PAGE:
eBay has a lot of options that you can choose from for listing your items. I like to choose free shipping because I think that appeals to everyone and helps sell my items. I also try to list items on Friday for a 7 day auction so it ends on Friday. Just make sure the time of day that you list is a good time for people on the Mainland. I once listed some killer stuff on eBay and worked through the night. Most of the later items got posted late at night, which was in the wee hours of the morning for the Midwest and East Coast. Not good – I didn’t do well on that bunch at all because there was no frenzy at the end of the auction. Everyone was asleep.
To compensate for this, eBay has an option to set your start date and time for a fee of 10¢. Well worth it, I think. I have used the option to start all my auctions at the same time and on the same day.
Choose your shipping options and method of payment (I use PayPal).
After going through the options, press “continue” and you will be on the final page, where you will see a brief picture of what this listing will be like, as well as a display of the fees owed for posting your auction item.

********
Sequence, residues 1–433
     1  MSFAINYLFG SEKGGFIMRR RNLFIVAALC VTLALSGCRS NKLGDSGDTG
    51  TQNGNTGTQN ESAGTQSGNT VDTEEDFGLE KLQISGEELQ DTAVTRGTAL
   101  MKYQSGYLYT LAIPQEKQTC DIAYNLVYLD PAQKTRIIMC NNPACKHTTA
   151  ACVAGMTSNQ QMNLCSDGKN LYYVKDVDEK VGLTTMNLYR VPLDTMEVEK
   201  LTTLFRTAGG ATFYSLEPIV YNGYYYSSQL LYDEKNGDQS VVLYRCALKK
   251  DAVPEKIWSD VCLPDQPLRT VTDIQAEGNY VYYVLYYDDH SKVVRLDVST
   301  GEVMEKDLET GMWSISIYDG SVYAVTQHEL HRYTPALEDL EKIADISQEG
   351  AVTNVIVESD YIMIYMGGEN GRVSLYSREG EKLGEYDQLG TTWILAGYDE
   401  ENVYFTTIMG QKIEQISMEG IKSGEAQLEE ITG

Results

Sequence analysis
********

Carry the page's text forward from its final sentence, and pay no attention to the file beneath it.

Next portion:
Click on “List your item” and you are live!!!
After your listing is live, you can go back to your iPhoto library and delete all those ebay photos, because you don’t need to store them there anymore, and you will save some space.
When your item does sell, eBay will send you a message, and you will use that to email your winning bidder.
After they pay (very easy through PayPal) print a shipping receipt, put it in a box or bag (learn about the Forever stamp, rates using priority mail, and other mailing options), and mail it out.
I like to inform my customers that the package has been shipped out.
PayPal will automatically collect your money for you. You can leave feedback for each person that bought something from you, or you can wait until they leave feedback for you before you decide what rating to give them. I usually give them all 5 stars.
That’s it – very briefly! There are courses and books on how to sell better on eBay. I do have Chris Bowers’ program, but haven’t used it – and I should.
Good luck on your eBay sales. Make some money, clear out the clutter from you home, and have fun!